Sudden Sensorineural Hearing Loss
Sudden sensorineural hearing loss (sudden SNHL) is considered a medically urgent
condition. About 40,000 Americans experience sudden SNHL each year. About half of
these patients recover their hearing partially or completely within two weeks. Even though
the etiology of this condition is multifactorial and often unknown, prompt initiation of
treatment, within a week of onset, has been shown to improve outcomes.
Diagnosis of sudden SNHL focuses on determining the causative factor. A full history and physical should include the following: The circumstances and time of onset should be elicited as well as any associated symptoms like vertigo, tinnitus or aural fullness. History of diving, flying or straining, autoimmune or hematologic disease, upper respiratory
illness, or otologic surgery should be included. Causes of sudden SNHL are many and
include, but the first two in the following list are by far the most common:
- Inflammation, most commonly viral, but also bacterial (meningococcal meningitis,
- Middle ear-inner ear interaction, pathology of the middle ear can affect the inner ear via the round window of the labyrinth, e.g. barotraumas
- Vascular insufficiency, particularly in the vertebrobasilar circulation, diabetics are at increased risk
- Meniere’s disease
- Autoimmune inner ear disease or a number of systemic autoimmune conditions
- Trauma, i.e. temporal bone fracture, labyrinth concussion, or a traumatic perilymph fistula
- Ototoxic medications, classically aminoglycosides
- Neurologic, multiple sclerosis
- Neoplastic, vestibular schwannoma, leukemia, myeloma and metastases to the temporal bone
A definitive diagnosis is identified in less than 10% of cases. Most cases are labeled as
idiopathic. Prompt identification of the problem is important, as treatment of idiopathic
sudden SNHL has been shown to be effective if commenced promptly. Laboratory studies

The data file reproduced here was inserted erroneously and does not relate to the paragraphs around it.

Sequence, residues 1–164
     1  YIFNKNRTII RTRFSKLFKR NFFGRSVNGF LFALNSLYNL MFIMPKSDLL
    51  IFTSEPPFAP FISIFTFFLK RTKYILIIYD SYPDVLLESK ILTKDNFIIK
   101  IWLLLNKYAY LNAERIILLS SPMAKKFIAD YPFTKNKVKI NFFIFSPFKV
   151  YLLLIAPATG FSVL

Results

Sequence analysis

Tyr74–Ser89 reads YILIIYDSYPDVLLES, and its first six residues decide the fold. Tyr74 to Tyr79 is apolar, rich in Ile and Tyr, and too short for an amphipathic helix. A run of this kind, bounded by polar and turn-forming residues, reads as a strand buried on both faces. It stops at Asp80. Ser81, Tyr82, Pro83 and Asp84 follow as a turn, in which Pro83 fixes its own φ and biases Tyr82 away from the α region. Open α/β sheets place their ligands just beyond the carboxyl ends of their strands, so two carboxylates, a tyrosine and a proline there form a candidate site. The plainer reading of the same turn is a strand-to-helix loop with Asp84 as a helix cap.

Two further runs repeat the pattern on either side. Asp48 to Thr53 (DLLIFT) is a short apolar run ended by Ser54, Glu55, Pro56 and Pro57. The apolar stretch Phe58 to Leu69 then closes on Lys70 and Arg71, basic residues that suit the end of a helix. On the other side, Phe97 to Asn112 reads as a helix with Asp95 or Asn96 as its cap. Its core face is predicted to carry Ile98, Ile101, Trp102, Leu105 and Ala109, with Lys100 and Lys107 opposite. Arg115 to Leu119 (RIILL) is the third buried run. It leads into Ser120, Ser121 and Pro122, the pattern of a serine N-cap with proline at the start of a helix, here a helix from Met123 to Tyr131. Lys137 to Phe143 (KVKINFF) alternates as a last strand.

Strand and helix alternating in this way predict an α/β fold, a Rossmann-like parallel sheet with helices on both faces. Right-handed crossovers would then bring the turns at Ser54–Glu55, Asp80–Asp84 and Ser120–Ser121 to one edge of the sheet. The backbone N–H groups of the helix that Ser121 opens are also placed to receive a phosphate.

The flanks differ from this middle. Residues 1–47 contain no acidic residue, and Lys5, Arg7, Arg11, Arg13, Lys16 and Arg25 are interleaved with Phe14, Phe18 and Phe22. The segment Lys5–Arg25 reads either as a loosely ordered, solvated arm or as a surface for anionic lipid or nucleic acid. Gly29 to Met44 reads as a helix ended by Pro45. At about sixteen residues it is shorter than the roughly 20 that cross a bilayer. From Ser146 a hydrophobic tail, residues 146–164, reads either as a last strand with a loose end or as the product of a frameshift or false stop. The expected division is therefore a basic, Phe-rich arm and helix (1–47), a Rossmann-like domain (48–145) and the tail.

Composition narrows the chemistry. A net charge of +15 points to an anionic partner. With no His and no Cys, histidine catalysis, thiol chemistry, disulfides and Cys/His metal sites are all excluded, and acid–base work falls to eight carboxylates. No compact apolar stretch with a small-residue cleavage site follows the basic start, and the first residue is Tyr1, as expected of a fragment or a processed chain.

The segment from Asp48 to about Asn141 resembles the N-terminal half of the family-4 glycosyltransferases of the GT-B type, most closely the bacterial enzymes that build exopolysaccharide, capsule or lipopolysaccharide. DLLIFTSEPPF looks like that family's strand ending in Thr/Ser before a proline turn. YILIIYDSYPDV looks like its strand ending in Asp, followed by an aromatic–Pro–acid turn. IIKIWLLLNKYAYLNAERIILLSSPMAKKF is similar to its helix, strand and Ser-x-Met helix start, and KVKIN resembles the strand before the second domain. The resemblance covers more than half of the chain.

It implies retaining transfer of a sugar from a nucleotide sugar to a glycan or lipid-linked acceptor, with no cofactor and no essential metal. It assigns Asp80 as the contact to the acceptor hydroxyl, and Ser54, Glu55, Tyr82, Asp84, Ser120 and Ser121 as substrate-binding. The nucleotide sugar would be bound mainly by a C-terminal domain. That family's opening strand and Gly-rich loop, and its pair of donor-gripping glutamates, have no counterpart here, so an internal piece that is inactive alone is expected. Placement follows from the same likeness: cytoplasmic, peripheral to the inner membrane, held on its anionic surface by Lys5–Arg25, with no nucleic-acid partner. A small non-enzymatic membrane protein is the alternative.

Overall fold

may include CBC, ESR, VDRL, lyme titer in endemic areas. MRI is ordered if a vestibular
schwannoma or multiple sclerosis is suspected. Referral to an otolaryngologist should
occur within a few days, in order to obtain an audiogram and full evaluation.
Treatment of sudden sensorineural hearing loss should be commenced as soon as possible, preferably within a few days of onset. A number of steroids, antivirals, vasodilators
and diuretics have been used for treatment of sudden SNHL. Steroids are the only
treatment currently supported by evidence. Prednisone 1 mg/kg is usually given for
2-4 weeks, followed by a taper. Hearing loss is followed with serial audiograms. If there
is no improvement, the patient may be a candidate for intratympanic steroid injections. Valacyclovir is commonly included in the treatment regimen for presumed viral cochleitis,
but the evidence for its efficacy is lacking. Surgery can be performed to reinforce the round
window and provide a better barrier between the middle and inner ear.
Prognosis for a partial or complete hearing recovery without
treatment is approximately 50%. If steroid treatment is
initiated within the first week, this recovery rate may be
higher. Prognosis is better if hearing loss is milder, if there is some recovery seen within 2 weeks, and if vertigo is absent.
Call us at 612-339-2836 or toll-free at 866-316-0769 to refer your patient for an appointment, or submit an online referral.